The emergence of modern senior living facilities in the United States is a relatively new occurrence, having really only sprung up during the latter half of the 1970’s. Originally dubbed homes for the aged, these institutions have undergone a paradigm shift from focusing predominantly on medical treatment for seniors with health problems, to today’s facilities, which seek to offer the aging populace medical care in addition to meeting lifestyle expectations and amenities that many have grown accustomed to over the years.
The number of Americans over the age of 65 is predicted to hit nearly 100 million by 2060 and will comprise nearly 25% of the population. That number alone ensures the need for growth and expansion in the senior living space, but as a free-wheeling generation focused on being active and independent, facilities need to meet the service demands when either remodeling, expanding or building an entirely new property.
At ML Group, we’ve helped design and develop many projects and renovations in the healthcare and senior living space and feel there will be a continued need to update, maintain and maximize amenities for seniors of all walks of life in the years to come. Over a ten-year span from 2006—2015, there were less than 2,000 new assisted living facilities built to help with the number of seniors needing assistance, meaning many are potentially behind the times in providing the requisite amenities for a meaningful health and life balance. Here are just a few of the ways senior living facilities will need to adapt to meet the needs of the aging population in the coming years.
AN ABUNDANCE OF OPTIONS
To put it mildly, this is a generation that loathes being bored, and the sterile atmosphere of older communities won’t cut it. As they age, seniors are expecting more and more, and want it all in one place. Just shy of becoming a land-locked cruise ship, tomorrow’s senior living facilities will need to put an emphasis on providing an abundance of activities and opportunities that will help enrich each individual’s retirement experience, from on-site fine dining to hobbies.
TECHNOLOGY IS ON THE RISE
There’s a big misconception about older folks being averse to technology, and for the fastest growing online demographic, accessibility isn’t a nice perk, it’s a necessity. Unfortunately, many older communities are woefully equipped to handle the technology needs of seniors looking to enter facilities in the coming years. Seniors today crave the convenience of technology, which enables them to stay in touch with family and friends across the globe, read and enjoy media more easily, and gives the added bonus for those with mobility problems the ability to shop easier.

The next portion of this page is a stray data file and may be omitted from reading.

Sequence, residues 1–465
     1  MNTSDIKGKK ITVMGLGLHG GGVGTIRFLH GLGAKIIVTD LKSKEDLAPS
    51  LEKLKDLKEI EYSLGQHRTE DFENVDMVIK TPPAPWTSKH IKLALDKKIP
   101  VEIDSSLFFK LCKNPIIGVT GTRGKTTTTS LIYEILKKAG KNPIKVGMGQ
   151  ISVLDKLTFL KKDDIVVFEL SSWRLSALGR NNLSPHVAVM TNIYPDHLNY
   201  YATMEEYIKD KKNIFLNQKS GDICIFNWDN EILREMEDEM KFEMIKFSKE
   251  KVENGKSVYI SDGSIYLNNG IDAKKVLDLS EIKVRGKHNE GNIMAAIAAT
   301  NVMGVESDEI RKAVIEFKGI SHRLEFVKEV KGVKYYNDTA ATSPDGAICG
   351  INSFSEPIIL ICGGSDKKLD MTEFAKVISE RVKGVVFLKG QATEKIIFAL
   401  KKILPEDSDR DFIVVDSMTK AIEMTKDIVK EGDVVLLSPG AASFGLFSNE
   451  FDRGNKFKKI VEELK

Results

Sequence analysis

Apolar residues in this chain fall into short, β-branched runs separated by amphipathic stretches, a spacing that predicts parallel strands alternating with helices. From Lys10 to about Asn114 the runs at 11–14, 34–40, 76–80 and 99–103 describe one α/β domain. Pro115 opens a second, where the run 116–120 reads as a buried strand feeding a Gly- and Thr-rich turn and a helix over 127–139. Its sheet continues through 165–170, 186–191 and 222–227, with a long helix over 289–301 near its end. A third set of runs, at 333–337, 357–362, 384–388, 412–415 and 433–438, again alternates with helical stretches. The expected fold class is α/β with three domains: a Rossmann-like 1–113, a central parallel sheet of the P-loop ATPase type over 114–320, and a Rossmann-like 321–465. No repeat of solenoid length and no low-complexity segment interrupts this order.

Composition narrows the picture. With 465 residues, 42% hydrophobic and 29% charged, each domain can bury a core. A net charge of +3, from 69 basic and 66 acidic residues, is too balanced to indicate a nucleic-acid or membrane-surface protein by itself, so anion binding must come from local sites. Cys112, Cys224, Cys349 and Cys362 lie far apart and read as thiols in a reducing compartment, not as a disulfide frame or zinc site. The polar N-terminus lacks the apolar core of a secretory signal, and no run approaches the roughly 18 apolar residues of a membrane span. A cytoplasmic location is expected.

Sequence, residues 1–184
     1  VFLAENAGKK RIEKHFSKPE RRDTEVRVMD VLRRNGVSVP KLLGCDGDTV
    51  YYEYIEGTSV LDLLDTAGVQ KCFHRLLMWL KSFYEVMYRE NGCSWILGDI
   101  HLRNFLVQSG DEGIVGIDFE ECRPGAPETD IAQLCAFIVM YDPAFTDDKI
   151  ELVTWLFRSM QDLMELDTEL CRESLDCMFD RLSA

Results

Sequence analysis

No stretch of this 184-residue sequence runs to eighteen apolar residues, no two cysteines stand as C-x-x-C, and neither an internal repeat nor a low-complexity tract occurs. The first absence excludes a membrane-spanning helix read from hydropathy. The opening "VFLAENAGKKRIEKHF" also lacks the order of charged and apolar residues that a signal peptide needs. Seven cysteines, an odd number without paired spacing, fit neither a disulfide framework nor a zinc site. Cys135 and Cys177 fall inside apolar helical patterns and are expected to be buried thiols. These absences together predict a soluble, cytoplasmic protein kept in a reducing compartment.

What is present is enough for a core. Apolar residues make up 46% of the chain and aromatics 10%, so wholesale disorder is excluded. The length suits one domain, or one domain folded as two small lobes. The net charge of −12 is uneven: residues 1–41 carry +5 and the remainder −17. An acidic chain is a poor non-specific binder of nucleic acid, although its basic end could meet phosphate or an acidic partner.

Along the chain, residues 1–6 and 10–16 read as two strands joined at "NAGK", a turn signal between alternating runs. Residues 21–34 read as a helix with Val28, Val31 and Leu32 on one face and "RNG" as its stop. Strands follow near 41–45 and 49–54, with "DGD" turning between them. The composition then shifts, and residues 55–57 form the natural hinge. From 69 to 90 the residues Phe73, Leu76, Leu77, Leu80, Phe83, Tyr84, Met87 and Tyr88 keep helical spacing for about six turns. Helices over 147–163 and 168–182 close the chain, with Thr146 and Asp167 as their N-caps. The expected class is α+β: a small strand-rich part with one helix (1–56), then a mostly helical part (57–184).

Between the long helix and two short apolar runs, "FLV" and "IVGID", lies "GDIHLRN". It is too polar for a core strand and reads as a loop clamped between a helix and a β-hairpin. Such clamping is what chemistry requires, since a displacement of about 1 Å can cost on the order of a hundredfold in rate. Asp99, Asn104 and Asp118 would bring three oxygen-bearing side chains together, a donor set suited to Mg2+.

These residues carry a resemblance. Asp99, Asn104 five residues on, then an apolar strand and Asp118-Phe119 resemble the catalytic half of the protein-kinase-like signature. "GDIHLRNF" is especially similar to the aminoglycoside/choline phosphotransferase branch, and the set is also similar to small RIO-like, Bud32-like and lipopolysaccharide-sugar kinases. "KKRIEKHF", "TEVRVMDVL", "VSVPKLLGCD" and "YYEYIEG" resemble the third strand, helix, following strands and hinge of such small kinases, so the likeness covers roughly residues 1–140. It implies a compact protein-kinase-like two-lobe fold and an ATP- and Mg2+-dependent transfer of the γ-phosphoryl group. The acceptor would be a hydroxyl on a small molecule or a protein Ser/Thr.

A NEED FOR HYBRID CARE AND SOCIAL SETTINGS
For a good portion of the years senior living facilities have been around, medical care and comfortable living were not mutually exclusive. Often seniors were placed in more of a sterile, medical setting to receive treatment (i.e. a “nursing home”) or, if able-bodied enough, in something vaguely resembling a run-of-the-mill hotel. In either case, aesthetically speaking, these facilities were designed “for the old folks,” which is no longer the case. Whether it’s long-term care, short-term care or assisted living, taste and sensibilities are synchronous across all levels, and today’s aging populace is seeking a more contemporary, resort-inspired setting to align with their awareness of design trends. It also comes down to perceived quality of care: if the facility looks good, they’ll feel they’re receiving better care. Tomorrow’s seniors will seek a variety of care services that will enable them to remain in a setting where they’re comfortable, known and loved, yet still have access to top-notch medical care. A hybridization of these facilities will be the norm in coming years, and facilities will need to make alterations or adapt to fit growing demand.
While senior living facilities may never have a fully defined set of services, it’s becoming abundantly clear that for tomorrow’s seniors, communities will need to provide a wealth of options. Person-centered approaches will need to become the norm rather than the exception and will need to be thoughtfully weaved into the fabric of these communities.